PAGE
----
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Sudan Fighting Continues as More Flee


FILE: A ferry transports some 1900 evacuees across the Red Sea from Port Sudan to the Saudi King Faisal navy base in Jeddah, on April 29, 2023, during evacuation efforts of people fleeing Sudan.

UPDATED WITH ICRC HOTLINE FOR MISSING PERSONS: KHARTOUM - Fierce fighting between rival generals raged on in Sudan Tuesday despite the latest truce, as warnings multiplied of the potential for a "catastrophic" humanitarian crisis with hundreds of thousands of refugees.

Hundreds have been killed and thousands wounded as air strikes and artillery exchanges have gripped swathes of greater Khartoum, sparking the exodus of thousands of Sudanese to neighboring countries.

Many more cannot afford the arduous journey to Sudan's borders, and have been forced to hole up inside the city of five million people with dwindling supplies of food, water and electricity.

"We are hearing some sporadic gunfire, the roaring of a warplane and the anti-aircraft fire at it," said one resident of south Khartoum.

Other witnesses reported air strikes in north and east Khartoum.

The fighting in Sudan has caused more than 330,000 people to flee their homes within the country, with over 100,000 others escaping over the borders, the United Nations said Tuesday.

To help those desperately searching for missing relatives and friends, the International Committee of the Red Cross announced it had set up a special hotline to report disappearances.

Volunteers have also staffed the Mafqoud (Missing) online project, first set up to report disappearances in 2019 which pro-democracy protesters blamed on forces loyal to Burhan and Dagalo following the dispersal of a mass sit-in.

Mafqoud spokesman Mossab Kamel estimates that about 250 people have been reported missing since the fighting began - the majority of them elderly or disabled people and children.

Some of those missing were ultimately found alive - many either being held by the armed forces or the RSF. But in many other cases, the agonizing wait continues.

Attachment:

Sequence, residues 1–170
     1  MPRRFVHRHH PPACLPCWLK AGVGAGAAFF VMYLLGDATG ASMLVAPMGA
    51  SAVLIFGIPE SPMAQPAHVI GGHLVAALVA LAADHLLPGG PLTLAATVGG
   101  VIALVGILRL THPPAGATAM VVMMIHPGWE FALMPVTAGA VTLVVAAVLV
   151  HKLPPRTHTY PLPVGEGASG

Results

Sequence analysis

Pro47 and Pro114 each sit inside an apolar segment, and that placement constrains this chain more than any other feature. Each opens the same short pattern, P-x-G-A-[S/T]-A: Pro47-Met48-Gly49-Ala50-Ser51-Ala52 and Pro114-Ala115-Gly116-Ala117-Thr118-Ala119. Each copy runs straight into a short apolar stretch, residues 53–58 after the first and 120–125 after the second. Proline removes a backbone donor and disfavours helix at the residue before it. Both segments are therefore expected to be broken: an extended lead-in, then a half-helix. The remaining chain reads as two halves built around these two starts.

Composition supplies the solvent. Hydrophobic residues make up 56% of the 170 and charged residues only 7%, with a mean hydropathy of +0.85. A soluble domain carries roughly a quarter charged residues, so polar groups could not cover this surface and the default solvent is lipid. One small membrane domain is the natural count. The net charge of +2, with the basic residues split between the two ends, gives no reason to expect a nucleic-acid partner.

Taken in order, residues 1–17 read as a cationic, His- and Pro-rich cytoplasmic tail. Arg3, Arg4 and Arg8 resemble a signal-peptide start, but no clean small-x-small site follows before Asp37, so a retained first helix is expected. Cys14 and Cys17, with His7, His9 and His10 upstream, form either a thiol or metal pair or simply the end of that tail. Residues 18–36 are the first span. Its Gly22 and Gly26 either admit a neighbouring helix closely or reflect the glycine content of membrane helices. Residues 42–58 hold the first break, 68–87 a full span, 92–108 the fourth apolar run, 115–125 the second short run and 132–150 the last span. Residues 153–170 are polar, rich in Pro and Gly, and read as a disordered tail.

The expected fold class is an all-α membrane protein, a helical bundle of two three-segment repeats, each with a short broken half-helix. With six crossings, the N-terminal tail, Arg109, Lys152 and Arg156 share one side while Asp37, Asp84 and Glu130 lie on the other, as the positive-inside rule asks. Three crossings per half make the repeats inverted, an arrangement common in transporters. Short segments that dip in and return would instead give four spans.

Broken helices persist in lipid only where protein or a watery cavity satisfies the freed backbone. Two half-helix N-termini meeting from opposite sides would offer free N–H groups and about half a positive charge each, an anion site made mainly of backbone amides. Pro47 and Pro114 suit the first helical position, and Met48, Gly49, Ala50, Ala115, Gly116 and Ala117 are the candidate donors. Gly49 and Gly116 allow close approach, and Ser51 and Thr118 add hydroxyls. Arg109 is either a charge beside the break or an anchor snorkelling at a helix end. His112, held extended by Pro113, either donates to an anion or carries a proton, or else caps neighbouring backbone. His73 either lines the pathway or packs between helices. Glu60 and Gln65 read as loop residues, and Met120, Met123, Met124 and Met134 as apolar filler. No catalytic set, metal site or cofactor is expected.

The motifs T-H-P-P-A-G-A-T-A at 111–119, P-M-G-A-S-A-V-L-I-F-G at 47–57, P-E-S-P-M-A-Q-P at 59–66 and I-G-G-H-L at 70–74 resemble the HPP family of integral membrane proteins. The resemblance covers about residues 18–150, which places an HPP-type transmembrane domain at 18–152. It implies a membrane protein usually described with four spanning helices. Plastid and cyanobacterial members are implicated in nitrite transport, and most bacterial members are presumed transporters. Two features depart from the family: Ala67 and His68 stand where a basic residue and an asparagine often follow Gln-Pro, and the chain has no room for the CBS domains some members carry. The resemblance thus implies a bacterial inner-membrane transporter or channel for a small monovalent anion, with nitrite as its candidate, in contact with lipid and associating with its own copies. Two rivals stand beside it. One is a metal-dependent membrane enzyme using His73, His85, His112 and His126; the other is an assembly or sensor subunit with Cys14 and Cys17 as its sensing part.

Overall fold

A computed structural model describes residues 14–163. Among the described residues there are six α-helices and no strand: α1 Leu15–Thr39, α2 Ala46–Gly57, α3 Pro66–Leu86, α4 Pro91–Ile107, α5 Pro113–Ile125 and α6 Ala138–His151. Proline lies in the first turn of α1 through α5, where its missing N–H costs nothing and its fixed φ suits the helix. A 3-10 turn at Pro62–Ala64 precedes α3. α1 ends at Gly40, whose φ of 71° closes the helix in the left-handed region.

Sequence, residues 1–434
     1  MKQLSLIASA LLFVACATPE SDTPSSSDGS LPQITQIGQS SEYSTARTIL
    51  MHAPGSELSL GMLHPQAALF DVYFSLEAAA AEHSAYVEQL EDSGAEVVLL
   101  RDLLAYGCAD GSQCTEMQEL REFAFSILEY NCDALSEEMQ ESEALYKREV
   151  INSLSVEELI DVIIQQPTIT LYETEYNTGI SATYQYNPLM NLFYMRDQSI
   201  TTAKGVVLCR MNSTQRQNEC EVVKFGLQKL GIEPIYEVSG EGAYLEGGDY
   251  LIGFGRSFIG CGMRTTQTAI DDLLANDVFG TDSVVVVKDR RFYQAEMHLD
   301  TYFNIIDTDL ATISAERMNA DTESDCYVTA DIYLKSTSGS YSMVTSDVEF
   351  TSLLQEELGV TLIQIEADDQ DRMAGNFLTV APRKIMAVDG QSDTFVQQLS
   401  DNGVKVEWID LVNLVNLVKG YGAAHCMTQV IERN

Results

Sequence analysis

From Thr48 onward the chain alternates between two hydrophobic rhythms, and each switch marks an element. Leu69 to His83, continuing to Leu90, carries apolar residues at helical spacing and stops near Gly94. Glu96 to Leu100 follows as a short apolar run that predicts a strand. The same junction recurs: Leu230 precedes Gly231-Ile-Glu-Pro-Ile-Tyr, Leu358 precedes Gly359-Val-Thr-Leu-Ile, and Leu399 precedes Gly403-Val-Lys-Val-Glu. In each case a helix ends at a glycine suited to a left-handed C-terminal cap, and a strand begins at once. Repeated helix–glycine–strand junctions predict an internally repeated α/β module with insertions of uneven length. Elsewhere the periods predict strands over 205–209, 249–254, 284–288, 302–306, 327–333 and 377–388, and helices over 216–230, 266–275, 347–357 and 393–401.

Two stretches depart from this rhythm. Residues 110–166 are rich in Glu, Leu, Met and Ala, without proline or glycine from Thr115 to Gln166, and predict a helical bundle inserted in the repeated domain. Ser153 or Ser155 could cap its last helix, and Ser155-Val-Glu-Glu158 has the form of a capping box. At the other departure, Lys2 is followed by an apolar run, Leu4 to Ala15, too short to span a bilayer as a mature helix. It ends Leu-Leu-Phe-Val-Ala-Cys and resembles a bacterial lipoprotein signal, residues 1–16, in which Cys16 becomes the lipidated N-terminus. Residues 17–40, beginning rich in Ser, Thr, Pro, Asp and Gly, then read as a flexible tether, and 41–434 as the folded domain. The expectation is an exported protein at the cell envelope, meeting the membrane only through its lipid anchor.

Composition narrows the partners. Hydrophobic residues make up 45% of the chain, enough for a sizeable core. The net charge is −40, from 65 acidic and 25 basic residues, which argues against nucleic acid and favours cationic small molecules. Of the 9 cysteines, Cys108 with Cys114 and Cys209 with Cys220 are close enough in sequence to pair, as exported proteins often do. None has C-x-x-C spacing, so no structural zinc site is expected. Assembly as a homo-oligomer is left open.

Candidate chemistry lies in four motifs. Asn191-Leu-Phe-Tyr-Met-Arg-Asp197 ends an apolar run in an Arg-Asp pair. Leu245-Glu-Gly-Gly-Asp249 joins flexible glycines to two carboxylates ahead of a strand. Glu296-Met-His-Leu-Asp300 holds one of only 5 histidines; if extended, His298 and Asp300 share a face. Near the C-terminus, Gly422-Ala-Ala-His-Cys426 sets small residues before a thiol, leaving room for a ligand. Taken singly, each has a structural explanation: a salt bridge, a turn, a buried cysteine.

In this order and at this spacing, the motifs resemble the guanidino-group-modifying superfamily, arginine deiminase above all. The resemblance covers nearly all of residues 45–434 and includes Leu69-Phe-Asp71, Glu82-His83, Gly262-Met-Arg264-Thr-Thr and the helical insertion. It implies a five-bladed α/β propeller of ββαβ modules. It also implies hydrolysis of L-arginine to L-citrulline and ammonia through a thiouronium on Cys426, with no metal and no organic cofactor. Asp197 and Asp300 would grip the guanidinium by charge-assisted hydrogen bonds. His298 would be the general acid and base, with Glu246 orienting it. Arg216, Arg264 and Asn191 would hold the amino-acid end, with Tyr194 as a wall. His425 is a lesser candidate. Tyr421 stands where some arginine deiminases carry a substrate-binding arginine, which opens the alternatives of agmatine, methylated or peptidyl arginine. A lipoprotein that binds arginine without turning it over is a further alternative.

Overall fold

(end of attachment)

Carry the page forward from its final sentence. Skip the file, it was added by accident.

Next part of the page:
UNHCR, the U.N.'s refugee agency, is estimating that more than 800,000 people could potentially flee to neighboring countries as the conflict continues in Sudan between the army and a paramilitary group.

The International Organization for Migration said in a situation report that "About 72 percent, roughly 240,000 of these new internal displacements were reported in West and South Darfur alone," spokesman Paul Dillon told reporters.

The number of people displaced in the last two weeks "exceeds all conflict-related displacement in Sudan in 2022", he added.

In a Monday briefing, the top U.N. aid official in Sudan, Abdou Dieng, warned that the situation was turning into "a full-blown catastrophe".

Kenyan President William Ruto said the conflict had reached "catastrophic levels" with the warring generals declining "to heed the calls by the Inter-Governmental Authority on Development (IGAD), the African Union and the international community to cease fire".

In a virtual meeting with senior U.N. officials, Ruto said it was imperative to find ways to provide humanitarian relief "with or without a ceasefire."

On Tuesday, the U.N. said its 2023 aid appeal for Sudan was $1.5 billion short.

Top U.N. humanitarian official Martin Griffiths arrived in Nairobi on Monday on a mission to find ways to bring relief to the millions of civilians trapped inside Sudan.

"The situation unfolding there (in Sudan) since April 15 is catastrophic," he said on Twitter.

Sudan's turmoil has seen hospitals shelled, humanitarian facilities looted and foreign aid groups forced to suspend most of their operations.

The World Health Organization warned that the fighting was pushing Sudan's already ailing health sector toward "disaster" with only 16 percent of health facilities in Khartoum still functioning.

The WHO said that it had delivered six containers of medical equipment to Port Sudan on the Red Sea coast, including supplies for treating trauma injuries and severe acute malnutrition. It had also distributed scarce fuel to hospitals which rely on generators for power.

"The health system has completely collapsed in Geneina," the doctors' union said, adding that looting of clinics and camps for the displaced had forced several agencies to carry out "emergency evacuations" for their teams.

On Friday, Doctors Without Borders said the fighting had forced it to halt "almost all activities in West Darfur."